This story in particular treated the concept of salvation as an internal overhaul of destructive actions and habits, using the filthy Pasig River as a metaphor. That in the flushing out the trash and the destruction of long-held dogmas and beliefs, and letting the Change take you with it, and just going with its will, the world will become a more exciting place filled with wonder and awe.

Then, there was Sidhi, meaning Intense in Filipino, a story about Noah, called the Dreamer, a man who can supposedly bring temporary Salvation to those who can find him, and that of Jan the woman from whose point of view the story was told, living in the shadow of the one who can bring man and women to the stars and the depths of the void using his mind. Salvation on Earth.

It was the eve of the Feast of Sta. Teresa, a night where people came to both become cleansed as the Saint did to the river, and wallow in the mire of both human and non-human carnality. It was in many ways, a cautionary tale to accompany the message of The Child Abandoned. That temporary salvation was not salvation at all, as shown in the scene where Jan fled from Noah during the high point of the Dreamer’s spell, where she discovered that Noah’s already sanity has failed along with the steady decline of his health.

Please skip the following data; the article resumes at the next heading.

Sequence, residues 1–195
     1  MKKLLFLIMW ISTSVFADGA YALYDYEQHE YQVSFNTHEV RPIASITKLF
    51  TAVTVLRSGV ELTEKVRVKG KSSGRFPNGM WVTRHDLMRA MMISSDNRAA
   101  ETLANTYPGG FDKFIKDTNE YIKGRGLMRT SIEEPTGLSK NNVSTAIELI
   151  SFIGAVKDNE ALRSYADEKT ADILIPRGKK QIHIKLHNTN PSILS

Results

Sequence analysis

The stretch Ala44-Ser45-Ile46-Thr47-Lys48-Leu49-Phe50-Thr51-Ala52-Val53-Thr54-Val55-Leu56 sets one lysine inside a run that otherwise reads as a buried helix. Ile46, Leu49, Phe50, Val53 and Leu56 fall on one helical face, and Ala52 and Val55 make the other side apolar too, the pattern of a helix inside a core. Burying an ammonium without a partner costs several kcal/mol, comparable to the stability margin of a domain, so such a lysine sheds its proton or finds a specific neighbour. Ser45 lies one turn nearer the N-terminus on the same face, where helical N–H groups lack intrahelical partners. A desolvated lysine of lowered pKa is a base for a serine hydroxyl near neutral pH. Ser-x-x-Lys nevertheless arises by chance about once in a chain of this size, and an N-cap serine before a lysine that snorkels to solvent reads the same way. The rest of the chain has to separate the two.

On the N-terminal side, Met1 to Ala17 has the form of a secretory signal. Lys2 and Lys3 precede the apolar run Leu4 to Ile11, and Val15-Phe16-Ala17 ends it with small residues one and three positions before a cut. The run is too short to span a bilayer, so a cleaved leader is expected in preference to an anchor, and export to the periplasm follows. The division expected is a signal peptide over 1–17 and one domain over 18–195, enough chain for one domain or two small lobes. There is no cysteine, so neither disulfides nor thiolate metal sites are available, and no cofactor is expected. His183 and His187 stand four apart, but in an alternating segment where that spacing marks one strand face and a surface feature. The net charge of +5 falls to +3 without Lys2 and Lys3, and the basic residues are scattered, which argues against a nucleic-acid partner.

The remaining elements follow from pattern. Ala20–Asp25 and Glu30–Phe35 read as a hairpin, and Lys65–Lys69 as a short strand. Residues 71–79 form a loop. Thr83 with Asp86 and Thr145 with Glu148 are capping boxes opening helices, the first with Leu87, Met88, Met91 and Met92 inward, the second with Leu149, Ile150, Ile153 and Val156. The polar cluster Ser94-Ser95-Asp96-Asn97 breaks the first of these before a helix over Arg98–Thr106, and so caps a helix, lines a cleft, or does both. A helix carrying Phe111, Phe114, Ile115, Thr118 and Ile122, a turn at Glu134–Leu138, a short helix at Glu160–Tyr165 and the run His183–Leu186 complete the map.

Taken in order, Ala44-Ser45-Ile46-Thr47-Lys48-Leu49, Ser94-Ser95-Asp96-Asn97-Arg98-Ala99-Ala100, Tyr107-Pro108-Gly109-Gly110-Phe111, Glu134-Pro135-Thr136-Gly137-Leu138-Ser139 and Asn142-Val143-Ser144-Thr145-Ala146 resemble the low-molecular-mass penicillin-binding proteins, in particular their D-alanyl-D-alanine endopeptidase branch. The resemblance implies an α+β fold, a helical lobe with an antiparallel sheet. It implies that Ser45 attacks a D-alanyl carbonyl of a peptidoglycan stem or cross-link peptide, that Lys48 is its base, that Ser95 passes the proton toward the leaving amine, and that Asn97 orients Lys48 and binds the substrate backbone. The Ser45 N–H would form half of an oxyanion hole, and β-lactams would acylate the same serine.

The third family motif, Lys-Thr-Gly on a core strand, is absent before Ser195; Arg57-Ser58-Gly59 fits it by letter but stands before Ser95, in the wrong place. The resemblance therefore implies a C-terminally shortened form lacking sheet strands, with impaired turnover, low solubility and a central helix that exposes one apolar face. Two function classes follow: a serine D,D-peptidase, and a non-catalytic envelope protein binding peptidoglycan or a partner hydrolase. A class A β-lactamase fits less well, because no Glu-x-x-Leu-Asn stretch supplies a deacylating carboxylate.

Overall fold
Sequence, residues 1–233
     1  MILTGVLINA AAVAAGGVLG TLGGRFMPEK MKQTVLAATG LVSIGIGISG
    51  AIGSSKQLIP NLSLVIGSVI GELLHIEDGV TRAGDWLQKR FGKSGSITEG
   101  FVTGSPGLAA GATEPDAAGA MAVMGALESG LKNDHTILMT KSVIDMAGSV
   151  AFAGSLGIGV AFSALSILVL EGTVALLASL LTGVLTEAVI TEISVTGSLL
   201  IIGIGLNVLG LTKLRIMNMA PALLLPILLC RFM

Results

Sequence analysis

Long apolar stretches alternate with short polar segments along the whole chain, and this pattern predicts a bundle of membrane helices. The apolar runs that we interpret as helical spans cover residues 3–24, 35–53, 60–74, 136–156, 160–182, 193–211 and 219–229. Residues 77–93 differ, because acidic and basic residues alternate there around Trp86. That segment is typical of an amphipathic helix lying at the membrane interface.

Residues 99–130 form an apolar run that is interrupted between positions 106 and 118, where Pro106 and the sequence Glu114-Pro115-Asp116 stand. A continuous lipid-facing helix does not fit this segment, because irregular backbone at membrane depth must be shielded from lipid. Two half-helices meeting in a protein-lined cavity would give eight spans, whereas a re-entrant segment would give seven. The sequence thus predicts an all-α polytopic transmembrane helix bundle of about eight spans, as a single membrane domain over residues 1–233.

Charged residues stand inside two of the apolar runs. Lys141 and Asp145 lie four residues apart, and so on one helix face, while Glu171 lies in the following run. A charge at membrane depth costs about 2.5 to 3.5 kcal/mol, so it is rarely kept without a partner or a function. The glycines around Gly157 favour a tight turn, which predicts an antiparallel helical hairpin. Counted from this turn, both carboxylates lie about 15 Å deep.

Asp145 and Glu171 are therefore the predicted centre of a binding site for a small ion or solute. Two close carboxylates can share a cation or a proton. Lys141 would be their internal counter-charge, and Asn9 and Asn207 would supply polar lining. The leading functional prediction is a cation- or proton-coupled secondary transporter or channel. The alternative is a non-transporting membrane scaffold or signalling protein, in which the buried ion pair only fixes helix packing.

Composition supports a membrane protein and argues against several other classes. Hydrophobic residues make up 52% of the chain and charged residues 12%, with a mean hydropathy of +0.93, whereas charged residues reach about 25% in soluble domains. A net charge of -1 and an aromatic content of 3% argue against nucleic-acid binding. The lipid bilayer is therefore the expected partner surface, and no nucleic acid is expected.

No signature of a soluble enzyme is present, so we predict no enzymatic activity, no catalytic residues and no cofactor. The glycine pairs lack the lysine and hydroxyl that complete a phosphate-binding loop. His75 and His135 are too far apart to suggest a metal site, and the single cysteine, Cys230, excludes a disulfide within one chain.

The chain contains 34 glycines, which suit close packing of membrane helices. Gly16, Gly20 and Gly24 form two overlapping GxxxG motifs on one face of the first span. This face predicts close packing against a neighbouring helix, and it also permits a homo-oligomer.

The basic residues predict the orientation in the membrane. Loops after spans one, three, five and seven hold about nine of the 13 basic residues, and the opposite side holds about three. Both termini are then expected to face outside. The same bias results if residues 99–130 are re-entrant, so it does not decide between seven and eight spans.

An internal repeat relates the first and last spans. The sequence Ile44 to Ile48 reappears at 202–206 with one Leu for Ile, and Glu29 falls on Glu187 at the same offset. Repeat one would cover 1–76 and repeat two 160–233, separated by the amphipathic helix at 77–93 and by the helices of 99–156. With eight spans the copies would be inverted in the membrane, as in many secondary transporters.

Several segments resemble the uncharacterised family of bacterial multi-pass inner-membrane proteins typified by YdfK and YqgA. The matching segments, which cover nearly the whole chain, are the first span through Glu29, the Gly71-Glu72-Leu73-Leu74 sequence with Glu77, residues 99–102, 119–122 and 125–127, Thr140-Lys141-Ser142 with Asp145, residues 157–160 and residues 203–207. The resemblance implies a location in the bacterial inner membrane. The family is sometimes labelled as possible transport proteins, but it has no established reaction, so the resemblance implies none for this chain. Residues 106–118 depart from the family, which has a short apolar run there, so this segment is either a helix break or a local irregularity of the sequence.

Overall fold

All in all, the entire book, in all its simplicity, leads the reader on a dreamy tour of landscapes and cityscapes similar to ours, but with wonder and terror just waiting to be discovered. It was a worthwhile reading and I recommend this book to anyone who wants a good book about night stalkers and fairies, giants kapres who’ve given up smoking, and widowers waking the dead, all while keeping a grim sense of realism and somber social awareness.